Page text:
On each side of the brick bench was a walkway and then three-story high bunk beds. They were covered in a thin straw mattress, and the only linen we received was a soiled blanket. Miriam and I were assigned a bunk bed together on the bottom. After 4 days of not being able to stretch my body, unable to rest, and the sudden separation from my family, I thought I would fall asleep as soon as I shut my eyes. But in my experience, a person who has experienced such a traumatic event cannot function normally. I tossed and turned throughout the night, desperately trying to fall asleep. As I squirmed about, I noticed something large moving in the dark alongside my bed. I slowly counted five figures before jumping out of bed screaming. “Mice! Mice!” I was very scared because I was always scared of mice.
A voice spoke from above me. “Silly kid,” another twin answered. “Those are not mice. Those are rats, and you better get used to them, because they are everywhere.”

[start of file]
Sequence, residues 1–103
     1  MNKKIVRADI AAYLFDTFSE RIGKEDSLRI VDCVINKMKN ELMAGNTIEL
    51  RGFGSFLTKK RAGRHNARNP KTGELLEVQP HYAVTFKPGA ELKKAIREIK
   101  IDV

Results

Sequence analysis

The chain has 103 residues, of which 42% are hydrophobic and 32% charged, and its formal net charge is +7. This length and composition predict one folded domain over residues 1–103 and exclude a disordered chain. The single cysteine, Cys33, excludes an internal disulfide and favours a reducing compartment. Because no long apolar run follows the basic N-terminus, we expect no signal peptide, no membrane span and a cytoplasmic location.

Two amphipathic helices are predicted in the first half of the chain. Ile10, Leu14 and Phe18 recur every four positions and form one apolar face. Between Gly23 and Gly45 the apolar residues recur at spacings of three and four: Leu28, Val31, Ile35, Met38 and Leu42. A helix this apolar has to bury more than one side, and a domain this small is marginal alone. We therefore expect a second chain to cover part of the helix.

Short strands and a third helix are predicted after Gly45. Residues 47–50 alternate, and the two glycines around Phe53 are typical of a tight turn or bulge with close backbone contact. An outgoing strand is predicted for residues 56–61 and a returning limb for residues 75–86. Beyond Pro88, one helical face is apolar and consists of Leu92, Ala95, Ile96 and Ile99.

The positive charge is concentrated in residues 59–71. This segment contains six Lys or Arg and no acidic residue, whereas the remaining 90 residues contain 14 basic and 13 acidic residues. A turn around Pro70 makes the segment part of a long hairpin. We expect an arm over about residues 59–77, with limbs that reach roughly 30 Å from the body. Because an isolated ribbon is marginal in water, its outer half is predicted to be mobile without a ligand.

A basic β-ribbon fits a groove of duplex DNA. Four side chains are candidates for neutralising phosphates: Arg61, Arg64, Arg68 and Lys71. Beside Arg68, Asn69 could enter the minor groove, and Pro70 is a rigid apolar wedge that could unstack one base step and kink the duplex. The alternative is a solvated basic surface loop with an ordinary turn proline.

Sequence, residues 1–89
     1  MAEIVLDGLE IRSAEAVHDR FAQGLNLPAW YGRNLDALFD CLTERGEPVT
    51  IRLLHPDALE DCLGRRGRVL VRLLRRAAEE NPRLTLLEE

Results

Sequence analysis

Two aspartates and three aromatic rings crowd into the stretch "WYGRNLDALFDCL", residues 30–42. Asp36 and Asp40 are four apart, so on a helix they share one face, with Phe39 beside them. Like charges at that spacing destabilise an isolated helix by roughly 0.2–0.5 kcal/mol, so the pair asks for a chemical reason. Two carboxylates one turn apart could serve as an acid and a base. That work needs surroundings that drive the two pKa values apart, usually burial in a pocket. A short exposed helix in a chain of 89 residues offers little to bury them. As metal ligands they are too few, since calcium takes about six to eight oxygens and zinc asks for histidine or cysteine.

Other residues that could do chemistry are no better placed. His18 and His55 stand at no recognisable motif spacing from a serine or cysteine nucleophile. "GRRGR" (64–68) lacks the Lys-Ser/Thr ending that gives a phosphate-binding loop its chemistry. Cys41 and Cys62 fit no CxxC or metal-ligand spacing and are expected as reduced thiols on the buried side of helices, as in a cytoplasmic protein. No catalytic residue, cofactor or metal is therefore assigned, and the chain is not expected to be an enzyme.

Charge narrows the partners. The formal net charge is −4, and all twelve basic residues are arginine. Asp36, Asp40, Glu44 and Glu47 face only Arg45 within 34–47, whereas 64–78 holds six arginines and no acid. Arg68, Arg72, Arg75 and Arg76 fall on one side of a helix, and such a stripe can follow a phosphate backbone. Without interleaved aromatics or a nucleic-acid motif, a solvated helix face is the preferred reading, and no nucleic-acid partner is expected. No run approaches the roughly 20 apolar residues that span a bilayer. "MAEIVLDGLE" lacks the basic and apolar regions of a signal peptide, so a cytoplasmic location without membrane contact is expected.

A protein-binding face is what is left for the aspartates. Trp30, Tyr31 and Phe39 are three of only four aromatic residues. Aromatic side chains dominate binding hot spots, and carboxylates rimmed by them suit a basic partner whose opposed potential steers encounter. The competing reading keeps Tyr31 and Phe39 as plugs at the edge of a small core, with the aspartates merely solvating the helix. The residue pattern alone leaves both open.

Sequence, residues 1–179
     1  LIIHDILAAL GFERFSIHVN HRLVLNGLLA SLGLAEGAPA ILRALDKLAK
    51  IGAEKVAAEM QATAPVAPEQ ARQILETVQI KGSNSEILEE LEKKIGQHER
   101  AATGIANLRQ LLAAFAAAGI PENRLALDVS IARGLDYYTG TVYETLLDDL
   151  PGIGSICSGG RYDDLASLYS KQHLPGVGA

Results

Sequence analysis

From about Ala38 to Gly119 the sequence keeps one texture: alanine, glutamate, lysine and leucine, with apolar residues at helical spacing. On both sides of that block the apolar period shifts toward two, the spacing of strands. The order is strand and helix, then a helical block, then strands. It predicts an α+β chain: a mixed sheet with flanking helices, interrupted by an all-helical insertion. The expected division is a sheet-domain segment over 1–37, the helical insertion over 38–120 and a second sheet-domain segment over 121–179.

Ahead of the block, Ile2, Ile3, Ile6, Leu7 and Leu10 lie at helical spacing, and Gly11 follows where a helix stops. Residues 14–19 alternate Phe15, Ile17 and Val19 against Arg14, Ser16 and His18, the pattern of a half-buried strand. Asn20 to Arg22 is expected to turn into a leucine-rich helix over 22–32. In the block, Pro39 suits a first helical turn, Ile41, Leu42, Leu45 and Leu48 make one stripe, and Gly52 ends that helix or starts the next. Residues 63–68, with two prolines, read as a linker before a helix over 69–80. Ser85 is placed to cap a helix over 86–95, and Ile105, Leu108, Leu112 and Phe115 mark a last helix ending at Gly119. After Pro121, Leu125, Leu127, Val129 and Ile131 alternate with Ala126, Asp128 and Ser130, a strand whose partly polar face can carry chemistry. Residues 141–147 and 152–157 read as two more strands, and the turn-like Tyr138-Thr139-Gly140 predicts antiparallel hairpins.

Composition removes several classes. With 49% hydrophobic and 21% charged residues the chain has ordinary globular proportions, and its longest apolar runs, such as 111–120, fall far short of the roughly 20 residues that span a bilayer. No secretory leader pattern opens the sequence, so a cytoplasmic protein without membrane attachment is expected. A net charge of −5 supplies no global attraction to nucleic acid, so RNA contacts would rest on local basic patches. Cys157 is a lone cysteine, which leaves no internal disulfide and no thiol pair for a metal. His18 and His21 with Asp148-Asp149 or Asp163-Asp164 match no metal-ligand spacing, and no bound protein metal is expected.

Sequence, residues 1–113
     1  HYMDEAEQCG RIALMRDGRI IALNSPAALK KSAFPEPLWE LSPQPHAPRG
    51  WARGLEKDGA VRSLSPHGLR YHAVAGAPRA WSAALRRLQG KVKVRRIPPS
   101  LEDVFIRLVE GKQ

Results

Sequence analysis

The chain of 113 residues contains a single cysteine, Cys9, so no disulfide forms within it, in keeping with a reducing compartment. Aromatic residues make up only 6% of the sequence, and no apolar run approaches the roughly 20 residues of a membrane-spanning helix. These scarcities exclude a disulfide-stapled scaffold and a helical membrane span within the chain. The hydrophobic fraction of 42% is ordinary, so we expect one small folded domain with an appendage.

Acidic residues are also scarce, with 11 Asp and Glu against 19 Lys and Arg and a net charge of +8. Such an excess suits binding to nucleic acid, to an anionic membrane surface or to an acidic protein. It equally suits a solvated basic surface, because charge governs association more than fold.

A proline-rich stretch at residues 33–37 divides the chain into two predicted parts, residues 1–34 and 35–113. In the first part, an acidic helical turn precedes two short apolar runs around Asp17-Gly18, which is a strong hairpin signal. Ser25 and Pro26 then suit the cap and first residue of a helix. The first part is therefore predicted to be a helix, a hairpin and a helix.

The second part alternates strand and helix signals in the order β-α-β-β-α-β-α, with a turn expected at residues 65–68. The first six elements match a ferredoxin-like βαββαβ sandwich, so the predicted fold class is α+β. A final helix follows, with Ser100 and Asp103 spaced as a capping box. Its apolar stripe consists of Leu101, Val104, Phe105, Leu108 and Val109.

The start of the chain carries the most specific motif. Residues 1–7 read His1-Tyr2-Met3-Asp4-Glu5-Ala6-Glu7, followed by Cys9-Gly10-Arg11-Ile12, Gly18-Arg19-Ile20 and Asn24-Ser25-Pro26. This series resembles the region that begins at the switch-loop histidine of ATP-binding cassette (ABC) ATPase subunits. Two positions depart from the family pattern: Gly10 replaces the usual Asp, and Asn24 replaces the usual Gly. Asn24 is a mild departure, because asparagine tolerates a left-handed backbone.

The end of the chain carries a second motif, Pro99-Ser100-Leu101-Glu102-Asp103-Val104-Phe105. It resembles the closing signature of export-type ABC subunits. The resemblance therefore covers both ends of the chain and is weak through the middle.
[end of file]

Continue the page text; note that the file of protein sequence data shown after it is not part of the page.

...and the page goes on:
Earlier that night, we had received our first “meal” at Auschwitz. This had consisted of a black liquid in a cup which they called “coffee,” and a slice of brown bread. Although Miriam and I had not eaten nor drank for 4 days, we were very religious little girls. We could not eat the bread because it was not kosher, bread that is prepared according to very strict Jewish laws. Miriam and I gave our portions to two girls who were showing us around the barrack. We wanted to remain our father’s perfect religious daughters, and we would not violate the strict religious laws.